And don't underestimate your real power. It is in your choices, in where your priorities live.

CG said...

ps there is an entire mountain gone in my home county right now. I knew people who lived through the Buffalo Creek Flood. Meaning that all this is very real real to me. Not a picture, not a theoretical.

CG said...

and then I wonder . . . is it just proselytizing or do you mean to have a real conversation? I don't find many takers on the real conversation thing but I always always make the mistake of thinking that is what we're engaged in.

CG said...

ah, yes, thought so.

Jessica said...

ouch! I think you have a unique perspective, you are a smart lady, wise in ways, but ouch! you do know how to get right to the point of things! I sometimes come out of my small world and see things that really shake me up and I know this has been going on so long, but I didn't take the time to really understand it. I guess it just makes me wonder about the bigger issues of why in the world are people in mass doing this and I do include myself in the lot. I feel like to be quiet is to let it happen, but to just say something without action is not very effective either. I don't really have any more to say about it because in the end it is what I do that is more important. I probably should not have posted on the blog in the first place, I just wondered what your thoughts were.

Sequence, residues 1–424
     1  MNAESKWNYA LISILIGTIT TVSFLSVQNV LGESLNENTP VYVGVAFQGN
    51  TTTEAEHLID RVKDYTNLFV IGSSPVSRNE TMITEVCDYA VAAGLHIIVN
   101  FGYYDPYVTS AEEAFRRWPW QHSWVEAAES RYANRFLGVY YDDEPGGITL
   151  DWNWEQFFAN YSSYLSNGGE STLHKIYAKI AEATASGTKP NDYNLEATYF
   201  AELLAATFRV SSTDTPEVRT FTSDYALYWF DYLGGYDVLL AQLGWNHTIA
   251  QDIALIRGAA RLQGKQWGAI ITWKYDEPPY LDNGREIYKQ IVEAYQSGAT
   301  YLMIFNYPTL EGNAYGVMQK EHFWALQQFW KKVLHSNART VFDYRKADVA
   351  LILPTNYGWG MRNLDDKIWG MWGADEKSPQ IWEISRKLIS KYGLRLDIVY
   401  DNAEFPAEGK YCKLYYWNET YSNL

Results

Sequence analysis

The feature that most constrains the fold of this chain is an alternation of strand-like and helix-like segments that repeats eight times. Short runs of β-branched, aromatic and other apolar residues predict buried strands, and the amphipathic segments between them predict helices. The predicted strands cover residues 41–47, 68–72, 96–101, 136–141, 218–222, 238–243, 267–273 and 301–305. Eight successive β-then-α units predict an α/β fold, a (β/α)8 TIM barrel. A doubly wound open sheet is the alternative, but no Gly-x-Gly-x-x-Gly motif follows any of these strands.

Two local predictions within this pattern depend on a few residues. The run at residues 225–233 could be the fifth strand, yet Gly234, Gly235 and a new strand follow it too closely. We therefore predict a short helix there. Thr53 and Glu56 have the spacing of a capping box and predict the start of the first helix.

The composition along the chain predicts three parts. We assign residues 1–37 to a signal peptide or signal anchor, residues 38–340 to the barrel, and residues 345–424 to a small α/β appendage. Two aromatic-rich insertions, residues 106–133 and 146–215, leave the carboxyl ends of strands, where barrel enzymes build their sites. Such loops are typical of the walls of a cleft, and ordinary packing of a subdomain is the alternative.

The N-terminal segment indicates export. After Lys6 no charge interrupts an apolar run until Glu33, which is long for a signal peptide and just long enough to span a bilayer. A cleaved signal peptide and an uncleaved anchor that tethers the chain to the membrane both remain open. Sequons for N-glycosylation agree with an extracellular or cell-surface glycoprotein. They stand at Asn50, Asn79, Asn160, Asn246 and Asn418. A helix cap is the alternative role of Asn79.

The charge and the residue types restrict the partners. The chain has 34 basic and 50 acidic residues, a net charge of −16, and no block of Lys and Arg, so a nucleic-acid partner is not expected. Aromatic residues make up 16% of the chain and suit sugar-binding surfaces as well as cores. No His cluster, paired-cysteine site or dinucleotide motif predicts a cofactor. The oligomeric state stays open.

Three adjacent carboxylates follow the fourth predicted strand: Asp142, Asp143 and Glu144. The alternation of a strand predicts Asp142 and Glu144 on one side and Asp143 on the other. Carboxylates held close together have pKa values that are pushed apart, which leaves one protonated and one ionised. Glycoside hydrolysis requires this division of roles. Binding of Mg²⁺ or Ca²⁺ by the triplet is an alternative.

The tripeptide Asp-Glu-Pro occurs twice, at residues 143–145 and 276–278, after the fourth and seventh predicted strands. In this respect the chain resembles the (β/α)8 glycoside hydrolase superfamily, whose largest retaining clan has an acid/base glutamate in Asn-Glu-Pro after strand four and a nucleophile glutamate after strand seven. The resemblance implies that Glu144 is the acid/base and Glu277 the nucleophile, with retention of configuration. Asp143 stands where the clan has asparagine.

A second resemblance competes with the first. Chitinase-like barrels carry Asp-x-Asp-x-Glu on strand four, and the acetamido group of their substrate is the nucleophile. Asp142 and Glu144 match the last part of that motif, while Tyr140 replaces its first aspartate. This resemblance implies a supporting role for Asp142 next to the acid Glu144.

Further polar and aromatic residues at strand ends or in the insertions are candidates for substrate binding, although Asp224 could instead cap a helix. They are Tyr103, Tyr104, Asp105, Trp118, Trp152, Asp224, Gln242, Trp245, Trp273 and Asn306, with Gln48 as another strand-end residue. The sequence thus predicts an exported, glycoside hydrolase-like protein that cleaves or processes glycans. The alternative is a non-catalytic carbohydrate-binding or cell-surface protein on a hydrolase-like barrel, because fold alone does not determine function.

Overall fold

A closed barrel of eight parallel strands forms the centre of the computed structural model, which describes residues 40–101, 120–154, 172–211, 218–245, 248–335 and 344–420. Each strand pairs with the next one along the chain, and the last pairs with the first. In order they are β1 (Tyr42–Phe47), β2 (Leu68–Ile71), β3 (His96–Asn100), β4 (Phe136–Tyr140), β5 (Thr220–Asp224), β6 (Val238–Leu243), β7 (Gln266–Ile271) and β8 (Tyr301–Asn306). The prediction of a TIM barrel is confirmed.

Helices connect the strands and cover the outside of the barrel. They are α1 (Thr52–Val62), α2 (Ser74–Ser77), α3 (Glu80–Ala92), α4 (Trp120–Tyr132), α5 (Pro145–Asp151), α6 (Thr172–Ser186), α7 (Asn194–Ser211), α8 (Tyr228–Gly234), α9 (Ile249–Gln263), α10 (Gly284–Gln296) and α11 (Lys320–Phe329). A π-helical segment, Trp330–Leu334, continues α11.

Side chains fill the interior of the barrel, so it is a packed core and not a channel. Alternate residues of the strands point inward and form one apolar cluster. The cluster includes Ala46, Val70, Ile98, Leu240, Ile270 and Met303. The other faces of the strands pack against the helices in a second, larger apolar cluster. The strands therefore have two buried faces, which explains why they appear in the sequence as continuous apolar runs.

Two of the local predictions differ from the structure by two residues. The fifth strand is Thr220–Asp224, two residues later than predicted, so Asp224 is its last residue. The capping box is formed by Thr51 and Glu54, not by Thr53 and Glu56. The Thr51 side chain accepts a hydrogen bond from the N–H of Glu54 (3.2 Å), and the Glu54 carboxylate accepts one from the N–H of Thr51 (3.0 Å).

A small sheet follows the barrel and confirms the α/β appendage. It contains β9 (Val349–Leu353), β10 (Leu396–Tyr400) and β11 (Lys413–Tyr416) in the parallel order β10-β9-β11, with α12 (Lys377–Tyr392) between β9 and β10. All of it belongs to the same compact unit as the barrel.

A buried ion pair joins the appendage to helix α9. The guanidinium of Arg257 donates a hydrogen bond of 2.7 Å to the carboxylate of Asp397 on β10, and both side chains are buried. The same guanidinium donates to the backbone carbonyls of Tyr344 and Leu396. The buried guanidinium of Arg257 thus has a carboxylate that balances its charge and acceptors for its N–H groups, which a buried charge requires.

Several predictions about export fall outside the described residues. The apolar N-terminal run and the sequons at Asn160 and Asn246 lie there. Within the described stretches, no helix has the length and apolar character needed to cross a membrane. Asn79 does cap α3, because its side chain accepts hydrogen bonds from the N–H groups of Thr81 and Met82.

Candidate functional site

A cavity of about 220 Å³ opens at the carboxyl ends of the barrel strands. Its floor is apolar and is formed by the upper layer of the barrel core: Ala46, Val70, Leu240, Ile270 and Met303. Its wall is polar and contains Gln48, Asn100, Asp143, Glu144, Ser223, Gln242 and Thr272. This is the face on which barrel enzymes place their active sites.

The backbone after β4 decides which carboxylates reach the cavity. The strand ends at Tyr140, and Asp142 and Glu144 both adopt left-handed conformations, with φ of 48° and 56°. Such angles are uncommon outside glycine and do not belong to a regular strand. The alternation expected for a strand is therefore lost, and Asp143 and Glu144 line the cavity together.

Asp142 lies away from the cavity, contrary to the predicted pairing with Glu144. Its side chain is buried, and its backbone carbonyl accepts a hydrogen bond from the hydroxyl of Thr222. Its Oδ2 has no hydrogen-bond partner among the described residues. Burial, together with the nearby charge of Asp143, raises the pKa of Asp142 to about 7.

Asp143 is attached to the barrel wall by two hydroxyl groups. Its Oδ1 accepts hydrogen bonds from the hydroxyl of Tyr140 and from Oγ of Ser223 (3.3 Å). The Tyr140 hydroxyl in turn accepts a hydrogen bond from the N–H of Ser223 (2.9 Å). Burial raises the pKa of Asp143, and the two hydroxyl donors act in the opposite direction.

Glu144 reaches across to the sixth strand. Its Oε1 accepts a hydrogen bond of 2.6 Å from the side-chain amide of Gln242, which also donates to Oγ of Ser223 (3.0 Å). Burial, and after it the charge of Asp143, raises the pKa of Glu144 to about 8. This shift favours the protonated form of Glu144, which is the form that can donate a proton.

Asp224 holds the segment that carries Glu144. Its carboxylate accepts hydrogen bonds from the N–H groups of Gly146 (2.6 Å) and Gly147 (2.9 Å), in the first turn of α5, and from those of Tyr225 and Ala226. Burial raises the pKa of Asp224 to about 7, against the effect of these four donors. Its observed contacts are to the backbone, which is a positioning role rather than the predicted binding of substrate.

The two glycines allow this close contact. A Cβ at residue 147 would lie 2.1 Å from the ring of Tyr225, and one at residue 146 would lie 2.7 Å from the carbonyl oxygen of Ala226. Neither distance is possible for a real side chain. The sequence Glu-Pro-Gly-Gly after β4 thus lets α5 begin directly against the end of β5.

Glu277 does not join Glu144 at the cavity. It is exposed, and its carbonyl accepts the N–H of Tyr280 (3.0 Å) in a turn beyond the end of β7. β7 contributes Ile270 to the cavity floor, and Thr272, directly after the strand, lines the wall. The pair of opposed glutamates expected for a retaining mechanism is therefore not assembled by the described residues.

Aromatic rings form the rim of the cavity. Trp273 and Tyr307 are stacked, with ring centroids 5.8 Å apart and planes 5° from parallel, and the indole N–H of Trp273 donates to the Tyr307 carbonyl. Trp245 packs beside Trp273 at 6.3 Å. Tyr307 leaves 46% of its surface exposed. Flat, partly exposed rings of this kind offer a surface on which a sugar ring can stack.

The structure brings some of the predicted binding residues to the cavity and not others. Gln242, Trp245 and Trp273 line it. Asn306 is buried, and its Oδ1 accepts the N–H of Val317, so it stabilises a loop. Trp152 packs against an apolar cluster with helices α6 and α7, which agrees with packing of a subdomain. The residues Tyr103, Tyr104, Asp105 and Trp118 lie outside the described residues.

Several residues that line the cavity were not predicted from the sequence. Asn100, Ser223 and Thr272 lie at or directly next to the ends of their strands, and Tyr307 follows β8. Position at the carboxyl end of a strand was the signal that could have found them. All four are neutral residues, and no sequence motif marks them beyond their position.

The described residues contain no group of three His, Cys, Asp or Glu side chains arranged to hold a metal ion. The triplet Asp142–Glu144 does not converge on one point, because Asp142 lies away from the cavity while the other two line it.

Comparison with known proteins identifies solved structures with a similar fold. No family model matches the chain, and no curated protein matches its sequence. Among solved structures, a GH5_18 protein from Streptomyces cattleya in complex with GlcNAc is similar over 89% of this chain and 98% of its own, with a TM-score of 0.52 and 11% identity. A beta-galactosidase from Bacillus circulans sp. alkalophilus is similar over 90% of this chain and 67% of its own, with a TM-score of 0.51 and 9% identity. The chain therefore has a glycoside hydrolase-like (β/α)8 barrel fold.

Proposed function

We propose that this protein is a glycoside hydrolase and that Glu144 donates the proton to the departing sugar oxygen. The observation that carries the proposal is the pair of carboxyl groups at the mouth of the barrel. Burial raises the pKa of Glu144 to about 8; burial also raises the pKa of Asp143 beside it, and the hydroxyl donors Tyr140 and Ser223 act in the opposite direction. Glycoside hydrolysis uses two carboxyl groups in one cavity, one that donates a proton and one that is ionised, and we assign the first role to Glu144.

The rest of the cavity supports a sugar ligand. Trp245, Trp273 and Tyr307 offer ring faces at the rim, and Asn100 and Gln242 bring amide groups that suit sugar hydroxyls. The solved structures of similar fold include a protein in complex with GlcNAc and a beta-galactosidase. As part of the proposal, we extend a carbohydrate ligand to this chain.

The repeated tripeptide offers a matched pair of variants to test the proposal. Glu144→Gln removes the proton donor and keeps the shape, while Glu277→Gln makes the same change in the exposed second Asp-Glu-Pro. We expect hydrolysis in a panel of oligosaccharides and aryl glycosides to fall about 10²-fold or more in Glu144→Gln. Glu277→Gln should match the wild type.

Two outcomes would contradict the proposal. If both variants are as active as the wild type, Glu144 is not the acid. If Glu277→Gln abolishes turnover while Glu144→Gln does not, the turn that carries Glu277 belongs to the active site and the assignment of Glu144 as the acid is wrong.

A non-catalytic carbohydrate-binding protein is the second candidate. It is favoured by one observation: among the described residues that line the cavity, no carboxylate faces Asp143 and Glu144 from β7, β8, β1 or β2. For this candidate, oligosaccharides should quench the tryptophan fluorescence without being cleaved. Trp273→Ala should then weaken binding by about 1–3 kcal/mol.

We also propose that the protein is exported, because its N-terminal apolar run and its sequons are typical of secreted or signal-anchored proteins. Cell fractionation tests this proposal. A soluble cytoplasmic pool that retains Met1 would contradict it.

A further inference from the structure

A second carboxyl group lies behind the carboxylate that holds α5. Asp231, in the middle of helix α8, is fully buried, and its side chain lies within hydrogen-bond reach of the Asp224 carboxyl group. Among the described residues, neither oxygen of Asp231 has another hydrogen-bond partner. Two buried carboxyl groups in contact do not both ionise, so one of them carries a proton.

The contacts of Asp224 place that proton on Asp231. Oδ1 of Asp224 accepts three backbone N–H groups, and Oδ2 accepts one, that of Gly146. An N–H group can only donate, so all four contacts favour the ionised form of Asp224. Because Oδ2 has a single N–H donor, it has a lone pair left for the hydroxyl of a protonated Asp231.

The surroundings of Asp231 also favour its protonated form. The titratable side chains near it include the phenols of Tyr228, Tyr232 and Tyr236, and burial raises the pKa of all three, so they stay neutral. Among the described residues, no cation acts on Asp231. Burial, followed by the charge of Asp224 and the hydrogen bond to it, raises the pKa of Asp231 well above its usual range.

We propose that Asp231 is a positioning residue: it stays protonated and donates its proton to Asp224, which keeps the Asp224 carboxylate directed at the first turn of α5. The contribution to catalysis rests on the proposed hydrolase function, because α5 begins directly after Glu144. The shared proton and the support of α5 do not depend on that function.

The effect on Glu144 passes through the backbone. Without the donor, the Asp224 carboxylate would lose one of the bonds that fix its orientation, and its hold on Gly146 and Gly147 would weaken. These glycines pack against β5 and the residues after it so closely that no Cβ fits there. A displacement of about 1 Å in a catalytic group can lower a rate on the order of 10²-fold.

CG said...

No Jessica, I'm glad you did. I was just interested in the more conversation and got impatient. That's mine. How I am.

Anyway . . . I'm glad you posted on your blog and brought the question here. The underlying cultural issues about yankees exploiting these mountains and our people (because that's always what it is) is complex and the best exploration of it that I know is Night Comes to the Cumberlands. But that isn't an excuse for us natives allowing it either.

But people allow it in large part because they want to eat. People allow it in large part because to go a different way is painful, especially alone. The crowd, and fitting in, and having stuff and having convenience, call loudly.

I suppose you might be aware that I don't believe in "protests" and such, but it is mostly because I don't think they work. I don't know of anything at all that does work, honestly. I've tried to be an example but I haven't seen hoards of folks taking up the charge to living closer to home and doing more for themselves. In fact, I've seen more people decide, from my example, that it is just too hard! (wry laughter there) Voice in the wilderness. If a tree falls in the forest . . .